In 1937 when Hank was 14, Lillie and the family moved to Montgomery Alabama, and she opened a boarding house there. Young Hank started writing songs, and won a prize in a local contest for his first one, WPA Blues, of $15. He also began busking in front of the studios of WSFA radio, and soon attracted the attention of the management. They gave him a 15 minute show 2 times a week, and paid him well for his time. His popularity grew in the area and he put together his first band called the Drifting Cowboys when he was only 15. A year later Hank and the group could start working full time, and he dropped out of school to become a touring performer at 16. While they played all over the south as far away as Florida, Hank began drinking to excess and having problems with the band early on. When most of the original members were drafted in 1941 at the start of WWII, he had even more difficulties with replacements, who wouldn't put up with his drunken behavior. At this point he was also fired from the radio show at WSFA for being drunk while on the air. Hank Williams was 19 years old, and already following a hard road that eventually led to his death.
By 1945, Hank was married, writing and performing again after a few years break, and back on the radio in Montgomery. The next year he and his wife Audrey went to Nashville, where Hank auditioned for Fred Rose and got a small contract. In 1947, he was signed to MGM and had his first big hit, Move It On Over. After working hard at touring and on a new radio show, he was accepted to perform at the Grand Ole Opry in 1949, the same year that his son Hank Williams Jr was born.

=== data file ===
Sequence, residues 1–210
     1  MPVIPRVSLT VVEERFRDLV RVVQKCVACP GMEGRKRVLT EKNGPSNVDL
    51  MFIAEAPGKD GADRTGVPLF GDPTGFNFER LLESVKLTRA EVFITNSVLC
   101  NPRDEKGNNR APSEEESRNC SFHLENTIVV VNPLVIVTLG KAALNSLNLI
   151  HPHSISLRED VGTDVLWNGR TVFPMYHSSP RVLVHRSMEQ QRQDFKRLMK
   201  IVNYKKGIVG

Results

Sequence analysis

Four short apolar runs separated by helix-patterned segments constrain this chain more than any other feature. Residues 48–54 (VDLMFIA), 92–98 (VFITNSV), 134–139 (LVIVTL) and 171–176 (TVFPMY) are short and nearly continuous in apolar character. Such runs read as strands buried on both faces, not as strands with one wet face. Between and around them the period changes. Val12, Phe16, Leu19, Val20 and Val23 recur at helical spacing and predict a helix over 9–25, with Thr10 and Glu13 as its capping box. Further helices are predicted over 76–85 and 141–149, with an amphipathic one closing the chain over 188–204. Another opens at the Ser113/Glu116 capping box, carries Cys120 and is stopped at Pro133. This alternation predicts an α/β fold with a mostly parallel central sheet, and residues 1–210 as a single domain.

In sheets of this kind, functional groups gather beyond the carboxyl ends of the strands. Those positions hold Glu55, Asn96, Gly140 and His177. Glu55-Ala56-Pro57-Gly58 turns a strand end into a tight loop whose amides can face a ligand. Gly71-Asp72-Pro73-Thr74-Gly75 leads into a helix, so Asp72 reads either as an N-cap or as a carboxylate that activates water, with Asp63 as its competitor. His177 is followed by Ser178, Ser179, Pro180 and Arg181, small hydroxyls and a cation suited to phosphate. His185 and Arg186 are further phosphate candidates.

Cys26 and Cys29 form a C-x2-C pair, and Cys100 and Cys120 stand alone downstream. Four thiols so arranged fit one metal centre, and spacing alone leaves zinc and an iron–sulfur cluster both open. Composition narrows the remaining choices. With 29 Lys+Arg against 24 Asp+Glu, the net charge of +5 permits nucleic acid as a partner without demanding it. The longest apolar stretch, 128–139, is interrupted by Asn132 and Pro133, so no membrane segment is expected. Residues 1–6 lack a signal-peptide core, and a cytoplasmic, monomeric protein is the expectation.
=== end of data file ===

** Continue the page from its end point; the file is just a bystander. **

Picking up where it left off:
During this time he had been able to keep his alcoholism under control, but in 1951 he suffered a fall while hunting and hurt his back. He began to use prescription pain medications in excess and began the use if controlled substances as well. In 1952 he was fired from the Opry due to his substance abuse problems, which now included alcohol, prescription painkillers, and morphine. His last recording sessions were in September of 1952, and he had begun to have heart problems at this time. On New Year's Day, 1953, Williams was being driven in his Cadillac to a show in West Virginia. The night before he had been given an injection by his doctor, and he had been drinking heavily through the night. In the wee hours of the morning, somewhere between Bristol, Virginia and Oak Hill, West Virginia, he died of heart failure brought on by pills and alcohol, at the age of 29. The police found the back of the car where he had been sitting littered with empty beer cans and a sheaf of handwritten lyrics to unfinished songs. These were later put together in 2011 as a music collection titled The Lost Notebooks Of Hank Williams (see below).
His grave is in the Oakwood Annex Cemetery in Montgomery, Alabama.